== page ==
Located on the outskirts of Pelican Rapids in the heart of Ottertail County, this state park was created in the early 1960s as the hilly, lake-dotted terrain was better suited to recreation than to farming.
The park is located in a transition area between the western prairies and the eastern forests, containing plants and animals found in both landscapes.
Drive along the scenic route to observe the wildlife, including bald eagles, loons, beaver, raccoons, squirrels, rabbits, chipmunks, and turtles.
The high tree-covered hills allow you to see striking vistas of small, clear lakes in the beautiful, expansive, deep valleys.
Human habitation in the area dates back at least 6,000 years.
The park preserves a pre-contact habitation, archeological site within the park, the Maplewood Site, that was occupied in two different periods (650–900 CE and 1450–1650 CE) in a forest/prairie transition zone.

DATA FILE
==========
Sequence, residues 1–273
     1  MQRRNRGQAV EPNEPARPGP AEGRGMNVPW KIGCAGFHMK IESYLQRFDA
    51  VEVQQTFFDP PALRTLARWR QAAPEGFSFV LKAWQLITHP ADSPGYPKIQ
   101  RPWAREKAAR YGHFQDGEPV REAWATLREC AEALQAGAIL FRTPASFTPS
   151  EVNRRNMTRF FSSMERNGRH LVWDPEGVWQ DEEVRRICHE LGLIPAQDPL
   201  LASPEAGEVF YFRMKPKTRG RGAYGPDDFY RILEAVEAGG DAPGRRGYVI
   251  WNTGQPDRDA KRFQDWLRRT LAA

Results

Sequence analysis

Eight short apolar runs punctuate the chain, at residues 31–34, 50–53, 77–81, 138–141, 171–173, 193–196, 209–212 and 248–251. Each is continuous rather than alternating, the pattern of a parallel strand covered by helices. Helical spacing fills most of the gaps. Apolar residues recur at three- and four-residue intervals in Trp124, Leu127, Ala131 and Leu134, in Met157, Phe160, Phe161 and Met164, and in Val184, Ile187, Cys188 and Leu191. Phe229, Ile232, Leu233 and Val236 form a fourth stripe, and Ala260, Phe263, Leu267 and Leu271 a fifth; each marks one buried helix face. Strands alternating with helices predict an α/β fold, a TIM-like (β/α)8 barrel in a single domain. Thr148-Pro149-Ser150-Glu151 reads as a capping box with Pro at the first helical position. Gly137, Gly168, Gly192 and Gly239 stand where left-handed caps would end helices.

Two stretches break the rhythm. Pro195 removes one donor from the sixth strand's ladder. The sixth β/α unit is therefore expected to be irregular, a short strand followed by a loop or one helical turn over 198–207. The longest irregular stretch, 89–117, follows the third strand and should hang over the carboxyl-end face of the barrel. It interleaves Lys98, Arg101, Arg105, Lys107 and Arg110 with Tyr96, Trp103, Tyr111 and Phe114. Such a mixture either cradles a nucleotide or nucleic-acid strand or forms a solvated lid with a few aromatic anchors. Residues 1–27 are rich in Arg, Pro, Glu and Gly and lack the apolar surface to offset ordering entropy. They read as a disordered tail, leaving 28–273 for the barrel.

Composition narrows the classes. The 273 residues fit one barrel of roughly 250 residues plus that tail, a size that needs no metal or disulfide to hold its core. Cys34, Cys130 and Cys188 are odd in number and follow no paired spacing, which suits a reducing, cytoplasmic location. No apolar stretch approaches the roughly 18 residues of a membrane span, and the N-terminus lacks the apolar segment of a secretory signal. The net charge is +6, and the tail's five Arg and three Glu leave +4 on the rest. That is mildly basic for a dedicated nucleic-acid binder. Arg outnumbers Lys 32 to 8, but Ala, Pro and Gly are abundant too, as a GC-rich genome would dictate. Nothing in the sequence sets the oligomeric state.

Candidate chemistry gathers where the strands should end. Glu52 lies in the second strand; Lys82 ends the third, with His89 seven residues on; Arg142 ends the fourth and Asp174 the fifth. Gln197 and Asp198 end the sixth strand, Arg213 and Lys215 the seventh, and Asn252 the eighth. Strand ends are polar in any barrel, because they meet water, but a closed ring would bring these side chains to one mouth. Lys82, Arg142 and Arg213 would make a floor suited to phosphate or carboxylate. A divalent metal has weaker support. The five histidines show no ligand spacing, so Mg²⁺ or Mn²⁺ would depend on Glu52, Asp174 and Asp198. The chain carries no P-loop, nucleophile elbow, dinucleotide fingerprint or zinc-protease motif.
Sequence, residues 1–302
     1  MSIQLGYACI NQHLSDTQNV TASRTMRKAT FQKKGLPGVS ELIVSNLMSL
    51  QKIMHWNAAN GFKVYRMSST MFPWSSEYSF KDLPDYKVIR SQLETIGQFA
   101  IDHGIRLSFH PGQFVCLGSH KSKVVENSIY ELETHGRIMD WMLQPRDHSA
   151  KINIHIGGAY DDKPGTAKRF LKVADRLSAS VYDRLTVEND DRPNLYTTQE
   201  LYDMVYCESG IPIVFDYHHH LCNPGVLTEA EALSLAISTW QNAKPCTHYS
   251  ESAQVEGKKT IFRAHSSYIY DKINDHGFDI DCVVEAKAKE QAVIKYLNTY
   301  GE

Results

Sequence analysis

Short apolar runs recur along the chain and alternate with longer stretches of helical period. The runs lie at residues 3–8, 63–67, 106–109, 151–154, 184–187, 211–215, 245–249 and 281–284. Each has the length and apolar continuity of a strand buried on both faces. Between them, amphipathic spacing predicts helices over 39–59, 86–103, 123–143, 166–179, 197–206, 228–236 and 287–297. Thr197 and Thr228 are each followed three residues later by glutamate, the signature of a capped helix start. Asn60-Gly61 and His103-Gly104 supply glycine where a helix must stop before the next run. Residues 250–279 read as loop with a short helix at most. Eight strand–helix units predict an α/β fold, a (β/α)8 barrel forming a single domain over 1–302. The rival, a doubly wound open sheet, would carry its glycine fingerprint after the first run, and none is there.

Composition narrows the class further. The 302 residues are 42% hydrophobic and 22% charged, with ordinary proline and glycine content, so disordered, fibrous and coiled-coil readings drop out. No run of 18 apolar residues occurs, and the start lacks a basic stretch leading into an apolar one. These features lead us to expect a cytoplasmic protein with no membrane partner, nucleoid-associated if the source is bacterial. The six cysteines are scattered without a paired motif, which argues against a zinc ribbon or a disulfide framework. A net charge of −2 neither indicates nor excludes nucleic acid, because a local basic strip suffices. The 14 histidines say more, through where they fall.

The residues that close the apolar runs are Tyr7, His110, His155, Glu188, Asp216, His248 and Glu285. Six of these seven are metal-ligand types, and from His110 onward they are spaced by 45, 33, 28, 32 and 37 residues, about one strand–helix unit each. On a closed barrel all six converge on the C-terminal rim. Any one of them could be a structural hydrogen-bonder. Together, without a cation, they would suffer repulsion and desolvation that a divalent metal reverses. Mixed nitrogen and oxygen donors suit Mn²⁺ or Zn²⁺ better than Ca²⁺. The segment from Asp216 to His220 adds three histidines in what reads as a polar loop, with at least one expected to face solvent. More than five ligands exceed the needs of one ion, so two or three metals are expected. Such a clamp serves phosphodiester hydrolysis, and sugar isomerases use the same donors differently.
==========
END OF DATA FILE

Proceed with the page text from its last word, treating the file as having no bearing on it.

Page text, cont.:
Most artifacts, however, indicate that the site was occupied 900 to 1200 years ago and that the residents were primarily hunters during that period. Records of modern habitation began in the mid-1880s when the original land surveys occurred. After the organization of the Lida and Maplewood townships, the area population rose to 1,167 by 1900.
This post was sponsored by Visit Ottertail County but all opinions are my own.